Orson Welles (1915-1985) was a well-known figure in all the world of the arts. A Wisconsin-native, Welles built a reputation as a pioneer showcasing to the world such works as the ground-breaking Broadway adaptation of Shakespeare's Julius Caesar with Caesar (1937), the critically-accaimed radio broadcast of H.G. Wells' 'The War of the Worlds' (1938) as well as the cinematic masterpiece 'Citizen Kane' (1941) (written, produced, directed by and starring Welles) - often hailed as the greatest-ever film for its innovative cinematography that changed the history of film-making.
Welles' very recognizable voice, coupled with his many skills as an actor and director made cemented his reputation as one of the finest performers of the twentieth century. During his lifetime, Orson Welles received an Academy Award for his work on 'Citizen Kane' as well as an honorary Oscar, amassing three nominations in total. Welles also received a Grammy Award, an AFI Lifetime Achievement Award, a star on the Hollywood Walk of Fame, and other awards, nominations and honours.
Teaming up with Superman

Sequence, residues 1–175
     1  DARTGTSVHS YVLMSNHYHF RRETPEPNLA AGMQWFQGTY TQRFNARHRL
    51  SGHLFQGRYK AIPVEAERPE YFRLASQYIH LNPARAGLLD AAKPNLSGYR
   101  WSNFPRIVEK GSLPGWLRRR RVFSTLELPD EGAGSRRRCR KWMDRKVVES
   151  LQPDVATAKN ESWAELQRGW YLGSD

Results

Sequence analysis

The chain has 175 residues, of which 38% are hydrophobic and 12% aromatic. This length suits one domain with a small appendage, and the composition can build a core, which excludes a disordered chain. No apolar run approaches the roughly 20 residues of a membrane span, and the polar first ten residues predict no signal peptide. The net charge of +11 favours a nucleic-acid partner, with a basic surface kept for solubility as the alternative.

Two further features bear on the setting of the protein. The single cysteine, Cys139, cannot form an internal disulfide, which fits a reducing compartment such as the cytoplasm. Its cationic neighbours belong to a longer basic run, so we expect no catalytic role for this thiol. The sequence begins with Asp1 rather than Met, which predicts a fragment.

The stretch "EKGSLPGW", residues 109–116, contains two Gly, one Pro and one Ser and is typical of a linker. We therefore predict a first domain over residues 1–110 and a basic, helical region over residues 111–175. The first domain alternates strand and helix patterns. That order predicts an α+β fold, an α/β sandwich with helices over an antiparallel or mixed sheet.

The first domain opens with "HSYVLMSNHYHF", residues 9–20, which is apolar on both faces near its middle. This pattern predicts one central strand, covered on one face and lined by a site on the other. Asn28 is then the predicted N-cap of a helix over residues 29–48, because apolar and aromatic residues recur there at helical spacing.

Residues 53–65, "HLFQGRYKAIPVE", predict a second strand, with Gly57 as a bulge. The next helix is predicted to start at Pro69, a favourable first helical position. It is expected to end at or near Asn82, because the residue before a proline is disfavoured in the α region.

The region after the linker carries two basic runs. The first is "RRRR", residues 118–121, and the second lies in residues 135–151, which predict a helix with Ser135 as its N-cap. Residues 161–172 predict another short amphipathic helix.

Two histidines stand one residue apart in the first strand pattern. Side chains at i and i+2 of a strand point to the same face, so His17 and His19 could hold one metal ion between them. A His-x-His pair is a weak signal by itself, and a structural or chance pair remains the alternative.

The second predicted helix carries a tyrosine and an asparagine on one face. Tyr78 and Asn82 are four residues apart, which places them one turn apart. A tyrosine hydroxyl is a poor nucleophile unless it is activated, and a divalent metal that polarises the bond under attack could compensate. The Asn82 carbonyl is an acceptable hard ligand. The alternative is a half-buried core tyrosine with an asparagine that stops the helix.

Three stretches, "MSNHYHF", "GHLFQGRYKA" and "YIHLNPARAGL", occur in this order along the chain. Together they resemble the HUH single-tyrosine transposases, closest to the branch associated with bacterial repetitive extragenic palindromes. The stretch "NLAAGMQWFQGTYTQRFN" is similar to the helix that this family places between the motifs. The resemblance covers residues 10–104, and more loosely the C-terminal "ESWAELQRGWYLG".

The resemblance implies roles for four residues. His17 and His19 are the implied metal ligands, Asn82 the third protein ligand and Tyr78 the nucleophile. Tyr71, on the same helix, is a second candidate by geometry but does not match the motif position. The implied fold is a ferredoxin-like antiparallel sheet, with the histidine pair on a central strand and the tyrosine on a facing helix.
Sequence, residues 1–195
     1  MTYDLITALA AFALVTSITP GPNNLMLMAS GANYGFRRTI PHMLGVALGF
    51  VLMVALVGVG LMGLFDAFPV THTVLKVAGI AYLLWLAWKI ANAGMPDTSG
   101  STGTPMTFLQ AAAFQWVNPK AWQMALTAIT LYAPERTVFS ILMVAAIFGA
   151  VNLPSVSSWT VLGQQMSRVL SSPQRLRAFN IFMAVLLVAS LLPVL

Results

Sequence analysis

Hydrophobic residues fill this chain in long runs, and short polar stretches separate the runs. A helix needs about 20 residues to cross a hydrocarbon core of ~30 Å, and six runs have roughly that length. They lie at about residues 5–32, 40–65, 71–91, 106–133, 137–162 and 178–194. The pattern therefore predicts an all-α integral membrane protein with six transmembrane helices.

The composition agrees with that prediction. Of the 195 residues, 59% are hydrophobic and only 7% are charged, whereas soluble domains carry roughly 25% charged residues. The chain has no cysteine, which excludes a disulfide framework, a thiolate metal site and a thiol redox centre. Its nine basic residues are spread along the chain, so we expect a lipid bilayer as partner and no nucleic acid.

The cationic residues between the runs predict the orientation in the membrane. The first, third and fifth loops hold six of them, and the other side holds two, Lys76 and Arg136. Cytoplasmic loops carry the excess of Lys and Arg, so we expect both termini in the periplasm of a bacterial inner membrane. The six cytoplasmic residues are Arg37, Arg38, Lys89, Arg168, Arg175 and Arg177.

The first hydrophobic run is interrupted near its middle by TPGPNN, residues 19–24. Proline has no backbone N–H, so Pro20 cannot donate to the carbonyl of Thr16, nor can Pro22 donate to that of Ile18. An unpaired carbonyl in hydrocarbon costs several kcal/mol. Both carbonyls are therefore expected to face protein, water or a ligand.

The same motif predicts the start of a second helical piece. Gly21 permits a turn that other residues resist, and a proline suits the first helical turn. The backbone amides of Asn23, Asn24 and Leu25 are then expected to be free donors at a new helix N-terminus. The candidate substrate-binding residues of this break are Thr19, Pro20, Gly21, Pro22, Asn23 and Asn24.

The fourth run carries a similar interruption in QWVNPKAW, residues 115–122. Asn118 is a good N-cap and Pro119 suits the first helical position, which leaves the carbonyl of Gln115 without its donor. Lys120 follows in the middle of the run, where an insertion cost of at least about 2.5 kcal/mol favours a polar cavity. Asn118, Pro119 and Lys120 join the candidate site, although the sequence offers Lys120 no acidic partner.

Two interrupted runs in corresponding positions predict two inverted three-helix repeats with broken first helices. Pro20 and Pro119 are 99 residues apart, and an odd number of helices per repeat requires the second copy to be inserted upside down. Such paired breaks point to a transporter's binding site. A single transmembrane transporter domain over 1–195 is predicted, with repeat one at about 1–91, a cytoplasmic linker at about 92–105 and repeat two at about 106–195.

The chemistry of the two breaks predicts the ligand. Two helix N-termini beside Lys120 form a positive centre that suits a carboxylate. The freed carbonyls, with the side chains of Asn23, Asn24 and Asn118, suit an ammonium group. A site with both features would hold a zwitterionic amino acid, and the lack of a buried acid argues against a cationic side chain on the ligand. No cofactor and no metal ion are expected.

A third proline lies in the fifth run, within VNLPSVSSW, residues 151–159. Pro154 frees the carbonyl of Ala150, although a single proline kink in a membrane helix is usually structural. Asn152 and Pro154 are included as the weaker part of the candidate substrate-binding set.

Orson Welles teamed up with the last son of Krypton in Superman #62, helping the Man of Steel battle against the forces of a Martian-led attack on Earth. Welles' on his way to the after-party following the completion of the1949 film 'Black Magic' is accidentally transported to Mars after investigating a seemingly abandoned ship that he discovered en route to the party.
After discovering the intentions of the Martian army, led by their leader, Martler, Welles seeks the help of Superman, warning him of the invasion, after the people of Earth failed to heed his words. This was because of Welles' very famous radio broadcast of 'The War of the Worlds' - where people actually believed that Earth was under attack by aliens. While Superman battles the Martian army, Welles, draws upon his many talents such as magic tricks and vocal impressions is able to both stall the progressing army, and end the threat of invasion by neutralising the dictator Martler, convincing him to never again pursue his militaristic-styled invasions.